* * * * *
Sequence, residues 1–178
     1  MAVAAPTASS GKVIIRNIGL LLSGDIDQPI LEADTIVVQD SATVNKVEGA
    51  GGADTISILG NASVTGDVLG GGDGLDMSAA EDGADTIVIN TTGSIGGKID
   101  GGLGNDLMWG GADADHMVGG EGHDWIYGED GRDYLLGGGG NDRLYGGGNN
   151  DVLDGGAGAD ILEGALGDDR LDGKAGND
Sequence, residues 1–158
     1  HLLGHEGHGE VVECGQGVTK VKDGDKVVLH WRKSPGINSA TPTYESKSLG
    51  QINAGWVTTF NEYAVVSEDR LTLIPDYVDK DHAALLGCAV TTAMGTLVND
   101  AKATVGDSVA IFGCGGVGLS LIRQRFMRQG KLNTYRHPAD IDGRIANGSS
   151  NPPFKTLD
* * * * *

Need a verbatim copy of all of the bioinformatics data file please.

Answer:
Sequence, residues 1–178
     1  MAVAAPTASS GKVIIRNIGL LLSGDIDQPI LEADTIVVQD SATVNKVEGA
    51  GGADTISILG NASVTGDVLG GGDGLDMSAA EDGADTIVIN TTGSIGGKID
   101  GGLGNDLMWG GADADHMVGG EGHDWIYGED GRDYLLGGGG NDRLYGGGNN
   151  DVLDGGAGAD ILEGALGDDR LDGKAGND
Sequence, residues 1–158
     1  HLLGHEGHGE VVECGQGVTK VKDGDKVVLH WRKSPGINSA TPTYESKSLG
    51  QINAGWVTTF NEYAVVSEDR LTLIPDYVDK DHAALLGCAV TTAMGTLVND
   101  AKATVGDSVA IFGCGGVGLS LIRQRFMRQG KLNTYRHPAD IDGRIANGSS
   151  NPPFKTLD